- Released: March 20, 2001
- Originally Released: 2001
- Label: Delicious Vinyl
Entertainment Weekly - 8/28/92, p.65
"...a jumping hip hop album....proves that rap played by live musicians can slam nearly as hard as anything out of Compton..." - Rating: B+
Vibe - Fall/92, p.29
"...aspires to greatness..."
The Source - 9/92, p.553.5 Stars (out of 5)
- "...the Brand New Heavies bring a bold mixture of funk, acid and jazz to the sphere of rap....the Heavies prove that hip hop can survive without samples....A must for your collection....consistently entertaining..."
Option - Nov.-Dec./92, p.101
"...the Brand New Heavies have decided to take what Sugar Hill did with live instruments and make it more street credible by injecting it with legit scratching and sampling..."
Musician - 10/92, p.100
"...delivers a few superior jams....generally engaging results..."
- 1.Bonafied Funk - (featuring Main Source)
- 2.It's Gettin Hectic - (featuring Gang Starr)
- 3.Who Makes the Loot? - (featuring Grand Puba)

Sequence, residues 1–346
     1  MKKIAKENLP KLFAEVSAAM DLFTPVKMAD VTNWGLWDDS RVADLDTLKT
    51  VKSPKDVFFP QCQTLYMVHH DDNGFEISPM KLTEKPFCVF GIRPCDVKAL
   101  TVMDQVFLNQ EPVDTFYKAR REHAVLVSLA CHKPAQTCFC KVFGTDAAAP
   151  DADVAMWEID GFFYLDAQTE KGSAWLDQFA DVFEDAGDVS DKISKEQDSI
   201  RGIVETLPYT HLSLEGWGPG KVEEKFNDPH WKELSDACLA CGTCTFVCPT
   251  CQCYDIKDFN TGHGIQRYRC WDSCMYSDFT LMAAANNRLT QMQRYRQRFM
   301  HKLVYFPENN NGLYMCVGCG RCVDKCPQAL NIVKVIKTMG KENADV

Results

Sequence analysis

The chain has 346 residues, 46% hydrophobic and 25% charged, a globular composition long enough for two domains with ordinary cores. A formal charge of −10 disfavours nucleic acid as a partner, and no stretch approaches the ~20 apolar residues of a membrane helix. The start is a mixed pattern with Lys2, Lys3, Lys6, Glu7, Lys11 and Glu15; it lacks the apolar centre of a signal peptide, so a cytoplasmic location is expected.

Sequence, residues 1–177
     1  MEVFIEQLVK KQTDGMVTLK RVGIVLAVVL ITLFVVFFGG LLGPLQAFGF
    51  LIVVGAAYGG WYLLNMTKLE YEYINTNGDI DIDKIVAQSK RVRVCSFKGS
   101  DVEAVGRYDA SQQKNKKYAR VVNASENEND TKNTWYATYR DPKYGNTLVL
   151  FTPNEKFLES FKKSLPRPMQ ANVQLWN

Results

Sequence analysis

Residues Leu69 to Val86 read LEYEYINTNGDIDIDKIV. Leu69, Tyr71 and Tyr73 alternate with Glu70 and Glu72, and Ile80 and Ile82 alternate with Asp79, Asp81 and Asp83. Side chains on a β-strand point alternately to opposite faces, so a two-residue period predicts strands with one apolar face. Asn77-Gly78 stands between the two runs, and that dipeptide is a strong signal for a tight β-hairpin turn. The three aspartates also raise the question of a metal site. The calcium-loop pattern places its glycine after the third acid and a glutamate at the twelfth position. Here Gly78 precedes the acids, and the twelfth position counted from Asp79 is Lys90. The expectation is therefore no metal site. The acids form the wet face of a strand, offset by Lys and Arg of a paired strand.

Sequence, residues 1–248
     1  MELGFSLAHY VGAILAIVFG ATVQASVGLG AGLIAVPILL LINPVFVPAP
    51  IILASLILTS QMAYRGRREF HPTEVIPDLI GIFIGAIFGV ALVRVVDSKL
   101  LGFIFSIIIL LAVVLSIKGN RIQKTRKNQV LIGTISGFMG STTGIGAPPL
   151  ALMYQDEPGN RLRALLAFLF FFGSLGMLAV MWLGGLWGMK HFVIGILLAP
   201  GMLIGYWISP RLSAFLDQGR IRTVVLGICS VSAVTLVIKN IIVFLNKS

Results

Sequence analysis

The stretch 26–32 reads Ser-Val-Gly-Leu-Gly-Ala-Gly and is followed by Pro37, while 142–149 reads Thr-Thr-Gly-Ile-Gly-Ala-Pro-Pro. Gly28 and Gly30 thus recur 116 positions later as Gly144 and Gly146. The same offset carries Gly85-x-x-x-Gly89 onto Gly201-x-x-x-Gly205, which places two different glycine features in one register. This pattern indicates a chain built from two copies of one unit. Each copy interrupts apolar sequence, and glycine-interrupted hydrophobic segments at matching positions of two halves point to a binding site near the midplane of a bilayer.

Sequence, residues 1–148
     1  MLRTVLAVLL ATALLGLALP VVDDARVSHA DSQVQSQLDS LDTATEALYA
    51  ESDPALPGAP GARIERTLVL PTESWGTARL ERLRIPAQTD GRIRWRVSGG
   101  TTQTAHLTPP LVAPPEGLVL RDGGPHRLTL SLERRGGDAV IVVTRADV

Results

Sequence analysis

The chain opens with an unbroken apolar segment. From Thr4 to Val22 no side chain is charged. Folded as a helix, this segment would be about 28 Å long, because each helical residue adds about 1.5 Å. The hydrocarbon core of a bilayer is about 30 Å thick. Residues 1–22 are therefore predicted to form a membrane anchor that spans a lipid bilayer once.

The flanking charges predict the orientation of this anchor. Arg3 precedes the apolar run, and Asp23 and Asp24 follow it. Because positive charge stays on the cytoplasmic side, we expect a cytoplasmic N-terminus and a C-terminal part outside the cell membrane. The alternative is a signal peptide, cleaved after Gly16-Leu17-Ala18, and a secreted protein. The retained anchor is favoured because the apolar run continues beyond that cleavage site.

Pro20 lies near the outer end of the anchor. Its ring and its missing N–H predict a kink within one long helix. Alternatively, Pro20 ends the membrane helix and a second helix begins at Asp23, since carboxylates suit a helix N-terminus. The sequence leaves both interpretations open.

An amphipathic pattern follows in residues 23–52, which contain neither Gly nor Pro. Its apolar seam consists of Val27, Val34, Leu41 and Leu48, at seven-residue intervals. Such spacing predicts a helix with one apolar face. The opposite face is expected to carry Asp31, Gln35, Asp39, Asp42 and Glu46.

- 4.Wake Me When I'm Dead - (featuring Wake Me When I'm Dead)
- 5.Jump N' Move - (featuring Jamal-Ski)
- 6.Death Threat - (featuring Kool G. Rap)
- 7.State of Yo - (featuring Black Sheep)
- 8.Do Whatta I Gotta Do - (featuring Ed O.G.)
- 9.Whatgabouthat - (featuring Tiger)
- 10.Soul Flower - (featuring The Pharcyde)
The Brand New Heavies: Simon Bartholomew (guitar); Andrew Levy (bass); Jan Kincaid (drums).
Additional personnel includes: Gang Starr, Main Source, Grand Puba, Masta Ace, Ed O.G., Black Sheep, Kool G. Rap, Tiger, Pharcyde, Jamalski (vocals); Mike Smith (saxophone); Martin Shaw (trumpet); Paul Daley (percussion).
Producers include: The Brand New Heavies, Orlando Aguillen.
Engineers include: Tim Orford, Joe Primeau, Jay Lean.
Includes liner notes by James Bernard.
The Brand New Heavies collaborate with a stylistic assortment of rappers on their second album, but the jazzy soul sound of HEAVY RHYME EXPERIENCE, which is live rather than sampled, is all their own. The Heavy trio of Simon Bartholomew, Andrew Levy and Jan Kincaid, who came up through London's acid-jazz underground, is a rock-solid core with a natural affinity for rhythms that twist and turn. The Heavies move easily from the rubbery, pogoing dancehall of "Jump N' Move," which features Jamalski, to a mellow vibe over which Guru throws down looser rhymes on "It's Gettin Hectic." Main Source rides a slow groove deep into the pocket of "Bonafide Funk," on which horns lazily fade out at the end of every other measure. The Heavies are equally capable of laying down a noir-ish groove, as they do to match Kool G. Rap's menacing rhymes on "Death Threat." We eagerly await Volume 2.